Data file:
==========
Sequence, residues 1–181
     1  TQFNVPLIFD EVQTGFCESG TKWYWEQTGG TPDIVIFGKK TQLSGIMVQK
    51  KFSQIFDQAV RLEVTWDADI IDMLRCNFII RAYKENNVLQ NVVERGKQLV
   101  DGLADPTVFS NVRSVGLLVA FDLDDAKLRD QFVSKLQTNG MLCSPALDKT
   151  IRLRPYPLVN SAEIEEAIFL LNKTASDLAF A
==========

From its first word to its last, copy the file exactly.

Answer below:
Sequence, residues 1–181
     1  TQFNVPLIFD EVQTGFCESG TKWYWEQTGG TPDIVIFGKK TQLSGIMVQK
    51  KFSQIFDQAV RLEVTWDADI IDMLRCNFII RAYKENNVLQ NVVERGKQLV
   101  DGLADPTVFS NVRSVGLLVA FDLDDAKLRD QFVSKLQTNG MLCSPALDKT
   151  IRLRPYPLVN SAEIEEAIFL LNKTASDLAF A